It just feels…off.

The point here is not to dismiss this parable. For one thing, the Revised Common Lectionary insists on bringing it around at least once every three years, and who knows how much Christian education curriculum will also include this story. Besides, it’s not our place to toss out scripture that disturbs us. There is something to be learned from this parable. It might also be, though, that after decades or even centuries of reading and hearing it, there might also be some things the church needs to unlearn as well.

It’s perfectly appropriate to come away from this parable having learned that we don’t want to end up like the foolish bridesmaids, lacking oil for their lamps and hunting for a 24-hour Quik-E-Mart in first-century Israel. On the other hand, the wise bridesmaids are not necessarily objects for our emulation either. Nowadays that extra oil might qualify them more for an episode of Hoarders or Doomsday Preppers or some other “reality” show and less as examples for our emulation. At minimum, it’s one thing to be “in,” but there is simply too much weight of scripture against them to celebrate figures that play a role in keeping others “out.” The parable cannot become an excuse to turn into hoarders of the gifts of God, whether physically or spiritually.

We might also want to re-think what it means to wait for the Lord. Somehow it seems to have snuck into the collective subconscious on this parable for many decades or even centuries that the foolish bridesmaids were somehow at fault for falling asleep, and therefore not being ready for the coming of the bridegroom. Of course, the problem with this is that the parable explicitly tells us “all of them became drowsy and slept.” (25:5). The so-called “wise” bridesmaids were just as conked out as the foolish bridesmaids. Yes, we need to “keep awake” as Jesus says at the end, but that can’t be what brought shame to the foolish bridesmaids if the wise bridesmaids did it too.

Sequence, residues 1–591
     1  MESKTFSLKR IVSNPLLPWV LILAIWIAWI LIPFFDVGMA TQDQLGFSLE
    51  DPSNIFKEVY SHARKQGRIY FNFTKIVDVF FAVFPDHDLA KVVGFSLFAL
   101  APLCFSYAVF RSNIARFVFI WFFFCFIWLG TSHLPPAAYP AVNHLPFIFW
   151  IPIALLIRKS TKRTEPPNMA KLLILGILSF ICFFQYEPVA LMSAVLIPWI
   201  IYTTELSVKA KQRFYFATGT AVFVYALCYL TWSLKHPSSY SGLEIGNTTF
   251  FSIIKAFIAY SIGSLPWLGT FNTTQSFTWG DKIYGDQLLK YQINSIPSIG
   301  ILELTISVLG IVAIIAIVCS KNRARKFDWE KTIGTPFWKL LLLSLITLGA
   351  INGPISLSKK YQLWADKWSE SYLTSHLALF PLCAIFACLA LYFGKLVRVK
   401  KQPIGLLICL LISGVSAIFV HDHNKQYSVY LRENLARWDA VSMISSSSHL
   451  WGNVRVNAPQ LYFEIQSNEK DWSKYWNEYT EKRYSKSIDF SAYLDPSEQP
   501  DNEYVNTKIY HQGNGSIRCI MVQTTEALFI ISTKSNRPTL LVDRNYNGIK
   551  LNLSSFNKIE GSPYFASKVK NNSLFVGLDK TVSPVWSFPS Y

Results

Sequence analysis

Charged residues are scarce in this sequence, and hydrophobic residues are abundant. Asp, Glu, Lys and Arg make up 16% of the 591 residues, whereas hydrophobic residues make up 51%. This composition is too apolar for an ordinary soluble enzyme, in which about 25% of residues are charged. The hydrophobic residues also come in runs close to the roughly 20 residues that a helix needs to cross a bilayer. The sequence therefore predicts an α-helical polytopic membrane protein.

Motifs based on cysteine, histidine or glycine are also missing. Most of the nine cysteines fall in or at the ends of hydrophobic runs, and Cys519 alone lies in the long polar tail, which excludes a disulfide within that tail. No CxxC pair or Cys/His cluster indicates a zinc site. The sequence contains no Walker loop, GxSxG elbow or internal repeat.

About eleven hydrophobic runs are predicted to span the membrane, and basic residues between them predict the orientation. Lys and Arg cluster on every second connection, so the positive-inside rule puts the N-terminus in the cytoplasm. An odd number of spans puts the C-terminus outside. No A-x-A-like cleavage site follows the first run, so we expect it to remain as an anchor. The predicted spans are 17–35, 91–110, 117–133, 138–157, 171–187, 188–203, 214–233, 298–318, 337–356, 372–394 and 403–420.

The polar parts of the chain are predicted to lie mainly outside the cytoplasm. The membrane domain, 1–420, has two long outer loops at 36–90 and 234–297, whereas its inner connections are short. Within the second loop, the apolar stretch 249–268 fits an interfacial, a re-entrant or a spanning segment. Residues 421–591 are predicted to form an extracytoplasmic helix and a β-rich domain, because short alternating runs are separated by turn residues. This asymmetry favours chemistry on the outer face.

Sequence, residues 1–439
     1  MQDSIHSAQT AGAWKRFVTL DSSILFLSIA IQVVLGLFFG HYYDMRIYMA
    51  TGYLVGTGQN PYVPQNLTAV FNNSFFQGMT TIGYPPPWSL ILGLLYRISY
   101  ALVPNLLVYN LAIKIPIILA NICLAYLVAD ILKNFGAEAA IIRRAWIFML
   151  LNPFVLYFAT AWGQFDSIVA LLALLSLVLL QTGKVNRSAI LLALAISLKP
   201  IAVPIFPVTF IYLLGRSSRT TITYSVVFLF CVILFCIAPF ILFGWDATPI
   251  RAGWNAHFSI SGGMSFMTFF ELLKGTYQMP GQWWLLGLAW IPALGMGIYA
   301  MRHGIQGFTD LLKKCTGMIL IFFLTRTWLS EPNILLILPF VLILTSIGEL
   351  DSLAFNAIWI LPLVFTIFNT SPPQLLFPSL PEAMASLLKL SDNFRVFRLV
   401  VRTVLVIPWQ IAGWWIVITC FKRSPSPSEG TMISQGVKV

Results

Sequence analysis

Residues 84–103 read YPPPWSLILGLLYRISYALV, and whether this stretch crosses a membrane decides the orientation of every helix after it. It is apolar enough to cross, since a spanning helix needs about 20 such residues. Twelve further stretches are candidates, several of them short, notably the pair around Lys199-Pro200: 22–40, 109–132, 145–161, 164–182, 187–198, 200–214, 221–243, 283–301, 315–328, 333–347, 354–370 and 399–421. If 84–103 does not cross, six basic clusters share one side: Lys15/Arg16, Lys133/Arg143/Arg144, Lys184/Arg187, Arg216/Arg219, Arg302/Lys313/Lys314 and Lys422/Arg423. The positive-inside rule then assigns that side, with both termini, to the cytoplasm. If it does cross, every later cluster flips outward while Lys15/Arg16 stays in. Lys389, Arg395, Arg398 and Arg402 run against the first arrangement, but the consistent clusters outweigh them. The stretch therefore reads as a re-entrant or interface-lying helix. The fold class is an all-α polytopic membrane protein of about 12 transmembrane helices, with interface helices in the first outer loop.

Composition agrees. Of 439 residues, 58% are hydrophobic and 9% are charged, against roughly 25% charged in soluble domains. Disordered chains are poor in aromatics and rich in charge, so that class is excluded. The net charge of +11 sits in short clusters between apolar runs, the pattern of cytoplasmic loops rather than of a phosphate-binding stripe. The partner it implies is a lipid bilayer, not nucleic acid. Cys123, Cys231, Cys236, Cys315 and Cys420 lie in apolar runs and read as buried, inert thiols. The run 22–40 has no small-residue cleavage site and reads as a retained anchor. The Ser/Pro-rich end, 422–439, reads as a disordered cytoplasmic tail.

We need to steer clear of any interpretations of this parable that foster or encourage an “us against them” mentality. There is no “insider” vs. “outsider” contrast here; no “Christian” or “un-Christian,” no “saved” vs. “lost” in the way we church folk tend to define things. All of the bridesmaids are part of the same wedding party; they all are invited guests. Only the lack of lamp oil causes the foolish bridesmaids to be left out. Now this ought to chill us a little bit, but Matthew has already cited Jesus as saying this same thing much more clearly and explicitly in chapter 7; “Not everyone who says to me, ‘Lord, Lord,’ will enter the kingdom of heaven, but only the one who does the will of my Father in heaven.” (Mt. 7:21) There are many who talk the talk, to put it in modern slang, who will find themselves on the outside looking in because they didn’t walk the walk.

So what do we learn from this? No matter how difficult or challenging the story might be, is there something we should be taking from this parable as a positive instruction for our lives?

The Australian theologian William Loader puts it this way:

It is about sustaining the life of faith. … Having had lamps in hand which burned well once is no guarantee they will burn in future. Having the status of being Christian, even being a light bearer, means nothing if it is not a continuing part of our being. Many who were first will be last (20:1-16). Matthew is interested in enabling people to live in a relationship with God which has continuing significance and continuing life.[ii]